How can so few people in Brittany (or at least my part of Brittany) know about three-cornered leeks? Until my recent (as in, 2 minutes ago) internet search I’ve been calling them wild garlic, which is what I was told they were when I encountered them in western Ireland. There, allium triquetrum grew in flowering masses along the narrow lanes and gave off a whiff of garlic any time you brushed past them. In Brittany, onion weeds (the New Zealand term) aren’t as widespread as I found in Ireland, and they’re far less well-known than bear’s garlic (or ransoms or allium ursinum – wild types of garlic sure have a lot of different names!).
I have yet to come upon a patch of bear’s garlic during my walks (just as I have yet to find or try ramps in the US), but I’ve become quite an avid forager of three-cornered leeks. They’re so pretty, so easy to use in the kitchen, and so ephemeral; a solid week of warmth and sunshine after they bloom and the flowers are gone. So, I drive to woods where I know I’ll find them. I drag friends along to pick them with me. I munch on the triangular or three-cornered stalks (the flavor’s like a lettuce-y chive) and pinch off the pungent flowers to pop in my mouth. In the kitchen, I use them lavishly, especially with eggs and potatoes.
My feeling is, if you really want to take the full measure of a wild edible’s flavor, the best way is to pair it with eggs or potatoes. (This is true for truffles as well.) Both are tasty, yet neutral, and let subtler flavors shine instead of masking them, warming wild edibles just enough to release their subtle aromas.
For a light lunch with a friend, I made this Spanish tortilla for two. Eggs + potatoes + lots of chopped three-cornered leeks and their flowers made for a special, seasonal meal that required next-to-no time, which meant we could take a longer walk around Cancale in the spring sunshine.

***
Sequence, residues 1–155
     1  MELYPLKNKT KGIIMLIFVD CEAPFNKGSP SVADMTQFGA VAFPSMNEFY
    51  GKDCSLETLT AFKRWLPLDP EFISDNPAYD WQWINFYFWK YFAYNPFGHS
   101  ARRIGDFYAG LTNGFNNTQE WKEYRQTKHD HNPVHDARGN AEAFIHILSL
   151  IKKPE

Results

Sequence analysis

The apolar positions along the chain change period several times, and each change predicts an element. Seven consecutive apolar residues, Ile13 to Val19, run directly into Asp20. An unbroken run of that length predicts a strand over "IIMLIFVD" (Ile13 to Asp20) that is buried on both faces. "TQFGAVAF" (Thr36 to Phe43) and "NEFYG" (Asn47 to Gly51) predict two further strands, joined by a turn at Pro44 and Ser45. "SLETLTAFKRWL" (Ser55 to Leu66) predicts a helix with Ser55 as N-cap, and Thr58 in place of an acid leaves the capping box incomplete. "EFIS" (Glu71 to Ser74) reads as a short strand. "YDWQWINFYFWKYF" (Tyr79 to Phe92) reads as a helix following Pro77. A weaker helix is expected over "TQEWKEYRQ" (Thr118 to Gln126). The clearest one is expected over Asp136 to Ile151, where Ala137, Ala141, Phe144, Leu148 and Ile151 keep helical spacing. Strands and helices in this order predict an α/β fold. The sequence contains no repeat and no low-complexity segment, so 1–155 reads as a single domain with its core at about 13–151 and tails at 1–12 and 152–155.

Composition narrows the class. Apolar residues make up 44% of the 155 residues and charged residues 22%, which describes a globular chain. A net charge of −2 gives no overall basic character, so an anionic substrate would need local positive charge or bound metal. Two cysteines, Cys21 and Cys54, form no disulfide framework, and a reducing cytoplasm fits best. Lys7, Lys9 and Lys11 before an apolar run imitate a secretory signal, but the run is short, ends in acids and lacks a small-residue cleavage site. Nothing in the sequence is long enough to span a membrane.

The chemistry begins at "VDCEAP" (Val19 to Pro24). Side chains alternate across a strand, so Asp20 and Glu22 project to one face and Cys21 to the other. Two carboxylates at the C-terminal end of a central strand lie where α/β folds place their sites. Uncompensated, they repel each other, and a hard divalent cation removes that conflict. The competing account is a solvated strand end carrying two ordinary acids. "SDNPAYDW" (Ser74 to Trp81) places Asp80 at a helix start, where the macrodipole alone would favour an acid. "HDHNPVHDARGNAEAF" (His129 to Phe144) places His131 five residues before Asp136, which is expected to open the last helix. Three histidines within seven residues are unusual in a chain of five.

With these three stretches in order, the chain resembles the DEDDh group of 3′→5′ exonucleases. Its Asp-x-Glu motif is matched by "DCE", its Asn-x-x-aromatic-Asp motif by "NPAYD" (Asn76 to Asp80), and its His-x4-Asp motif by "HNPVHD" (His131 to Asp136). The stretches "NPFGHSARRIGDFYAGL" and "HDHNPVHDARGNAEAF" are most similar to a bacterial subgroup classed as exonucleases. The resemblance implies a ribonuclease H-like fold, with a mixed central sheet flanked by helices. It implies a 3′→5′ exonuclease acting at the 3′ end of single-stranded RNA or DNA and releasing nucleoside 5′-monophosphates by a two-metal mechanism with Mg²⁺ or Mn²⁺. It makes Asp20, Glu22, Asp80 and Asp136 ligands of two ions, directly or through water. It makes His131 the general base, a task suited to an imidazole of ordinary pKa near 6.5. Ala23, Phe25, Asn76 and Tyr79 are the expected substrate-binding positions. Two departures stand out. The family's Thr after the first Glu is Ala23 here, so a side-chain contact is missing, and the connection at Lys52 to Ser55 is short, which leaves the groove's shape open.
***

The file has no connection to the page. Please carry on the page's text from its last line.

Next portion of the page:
25 April 2017
Wild Garlic Spanish Tortilla
This is a pretty basic recipe for a Spanish tortilla (a potato-filled frittata), sized down to serve two. (You can double the amounts to make a larger tortilla.) It’s a great vehicle for delicately-flavored wild edibles or herbs, and since the season for wild garlic is so short and it’s not available to everyone, I encourage you to try it with lots of other add-ins. Serve the tortilla hot from the pan, or cooled to room temperature. It makes a great picnic take-along!
1 Tbs. olive oil
¾ lb. (300 g.) boiling, waxy, Yukon gold or new potatoes, peeled and cut into ½-inch dice
¼ to ½ cup chopped wild garlic (triquetrum or ursinum), ramps, or chives, plus flowers, for garnish
Heat the olive oil in a small (6-inch/20 cm) skillet over medium heat. Add the diced potato, and sauté 5 to 7 minutes, or until potatoes are tender and browned.
Meanwhile, Whisk the eggs in a medium bowl, stir in the wild garlic, and season with salt and pepper.
Transfer the cooked potatoes to the bowl with a slotted spoon, and stir the egg mixture until combined. Return the skillet to the heat, and pour the egg mixture into the skillet, spreading the potatoes around to distribute them evenly. Reduce the heat to medium-low, and cook 3 to 5 minutes, or until the bottom of the tortilla is browned and firm.
Slide the tortilla onto a large dinner plate. Put on oven gloves, place the skillet over the tortilla, and invert the plate so that the uncooked side is now face down in the skillet. Continue to cook on the stove 3 to 5 minutes more, or until the tortilla is cooked through. Serve sprinkled with flowers. Serves 2